Comics Alternative, Episode 239: Reviews of Herman by Trade, Rise of the Dungeon Master, and Eternal Empire #1

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This week Andy and Derek look at three new titles, each one visiting the fantastic in one form or another. Before they jump into the reviews, however, they discuss some of the big comics news from the past week: the announcement of the 2017 Eisner Award nominations and Free Comic Book Day. The guys don’t go into too much detail about the Eisner nominees because they plan on devoting an upcoming episode to that topic. However, they do briefly mention the curious situation surrounding the nomination of the Love Is Love collection in the Best Anthology category. They have much more to say about last Saturday’s Free Comic Book Day. Both guys share some of their experiences at their local shops and the free comics they got there. Listen to the podcast’s FCBD episode for more details.

But then the Two Guys get into the heart of this week’s show. They begin with Chris W. Kim’s Herman by Trade, coming out this week from SelfMadeHero. Although on the surface this appears to be a more realistic narrative, its fantastic elements become apparent in the transformation of the title character who has the ability to change his appearance and mimic others’ abilities at will. As both Derek and Andy point out, this is an unusual story that sticks with you long after reading.

Next, they turn to a new graphic biography that is all about fantasy, Rise of the Dungeon Master: Gary Gygax and the Creation of D&D (Nation Books). The art is by Koren Shadmi, but the book is written by David Kushner, based on a profile he wrote for Wired magazine in 2008. What’s most notable about this brief biography is the narrative point of view, almost entirely presented in the second person. This is fully in keeping with the spirit of role-playing games, where in this case the the narrating presence is, in essence, your “dungeon master” guiding your awareness as you enter the creators’ biographical realm.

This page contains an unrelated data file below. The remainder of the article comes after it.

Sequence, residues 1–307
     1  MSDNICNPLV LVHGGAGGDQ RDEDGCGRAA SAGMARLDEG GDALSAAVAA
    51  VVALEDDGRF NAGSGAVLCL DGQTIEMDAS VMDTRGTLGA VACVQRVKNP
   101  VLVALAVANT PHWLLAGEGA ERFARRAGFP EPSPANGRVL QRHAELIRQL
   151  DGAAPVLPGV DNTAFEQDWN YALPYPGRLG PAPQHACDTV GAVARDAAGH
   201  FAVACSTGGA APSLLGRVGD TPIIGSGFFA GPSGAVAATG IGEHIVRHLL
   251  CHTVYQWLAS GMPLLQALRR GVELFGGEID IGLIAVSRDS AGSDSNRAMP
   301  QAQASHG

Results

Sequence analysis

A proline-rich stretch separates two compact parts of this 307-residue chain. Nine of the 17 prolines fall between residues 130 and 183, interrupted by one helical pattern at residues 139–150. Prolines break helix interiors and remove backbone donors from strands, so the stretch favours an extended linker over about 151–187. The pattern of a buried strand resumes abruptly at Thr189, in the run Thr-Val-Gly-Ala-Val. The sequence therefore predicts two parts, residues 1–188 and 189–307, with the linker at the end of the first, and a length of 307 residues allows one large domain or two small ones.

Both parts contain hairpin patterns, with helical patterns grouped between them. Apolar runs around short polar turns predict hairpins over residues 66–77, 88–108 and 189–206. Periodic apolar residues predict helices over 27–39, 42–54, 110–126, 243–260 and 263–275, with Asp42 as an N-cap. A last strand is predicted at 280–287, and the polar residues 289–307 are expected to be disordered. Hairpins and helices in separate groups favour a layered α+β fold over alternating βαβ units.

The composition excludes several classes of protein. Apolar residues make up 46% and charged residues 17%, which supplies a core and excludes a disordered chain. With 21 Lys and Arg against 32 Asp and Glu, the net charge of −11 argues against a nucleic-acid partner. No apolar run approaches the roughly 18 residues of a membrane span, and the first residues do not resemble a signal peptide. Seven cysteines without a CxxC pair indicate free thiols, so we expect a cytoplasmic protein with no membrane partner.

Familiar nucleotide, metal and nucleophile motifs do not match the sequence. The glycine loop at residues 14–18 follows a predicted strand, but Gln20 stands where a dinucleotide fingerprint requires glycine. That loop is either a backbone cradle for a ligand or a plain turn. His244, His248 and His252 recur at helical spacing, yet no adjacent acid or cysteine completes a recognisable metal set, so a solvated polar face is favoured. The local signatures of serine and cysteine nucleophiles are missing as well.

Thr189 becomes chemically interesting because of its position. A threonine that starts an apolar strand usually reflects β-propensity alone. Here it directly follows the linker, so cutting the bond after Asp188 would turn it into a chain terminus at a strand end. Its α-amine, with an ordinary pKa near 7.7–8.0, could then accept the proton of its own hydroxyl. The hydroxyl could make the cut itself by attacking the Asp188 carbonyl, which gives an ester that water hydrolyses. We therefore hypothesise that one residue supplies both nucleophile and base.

Finally, Andy and Derek conclude with the latest collaboration from Jonathan Luna and Sarah Vaughn. Eternal Empire #1 (Image Comics) is a fantasy set in a distant world that, as Andy points out, is reminiscent of Game of Thrones. In fact, the guys spend a good bit of time speculating on the originality of this series, wondering if the unique elements will become more apparent in the issues to come. And while Andy isn’t sure if he’ll stick around to find out, Derek is going to give Eternal Empire a chance, especially given his appreciation of the Luna brothers’ previous comics, and especially Luna and Vaughn’s previous series Alex + Ada.

Deconstructing Comics #485: Alex and Ada: Robots done right?

Alex and AdaAlex and Ada is Jonathan Luna and Sara Vaughn’s critically acclaimed 15-issue series about human interaction with A.I. It raises some interesting issues, but does it handle them well? Have the same ideas been explored better elsewhere? Tim and Kumar open up the machine and take a look.

Deconstructing Comics site

Comics Alternative Podcast Episode 72: A Review of Six New Comic Book Titles

Comics for Kids with Backhoes

6-ComicsThis week Gene and Derek take a look at six new titles. They begin with a discussion of two new works from Image Comics, the first three issues of Alex + Ada (Jonathan Luna and Sarah Vaughn) and Deadly Class #1 (Rick Remender and Wes Craig). They go into depth on both titles, especially Craig’s art in Deadly Class and the narrative pacing in Alex + Ada, which ultimately leads to a discussion on panel sequencing and story decompression. Next, they look at issues #1-3 of Letter 44, written by Charles Soule with art by Alberto Jiménez Albuquerque (Oni Press). They discuss its unique take on science fiction within the context of recent politics. From there, they turn to recent #1 issues from three other publishers: David Lapham’s Juice Squeezers (Dark Horse Comics), Bill Willingham and Sergio Fernandez DaVilla’s Legenderry (Dynamite Entertainment), and Curse from BOOM! Studies (written by Michael Moreci and Tim Daniel, with art by Riley Rossmo, Colin Lorimer). In this episode, the Two Guys with PhDs are all over the place, moving from all-age comics to Bush-era politics to licensed characters to horror titles to science fiction to steampunk to Reagan’s Morning in America. There’s a lot packed into this show…more bang for your buck!

So enjoy, won’t you?

This week’s incidental music is brought to you by
great compilation A Hard Nights Day: 45 Classic Singles: A History of Stiff Records

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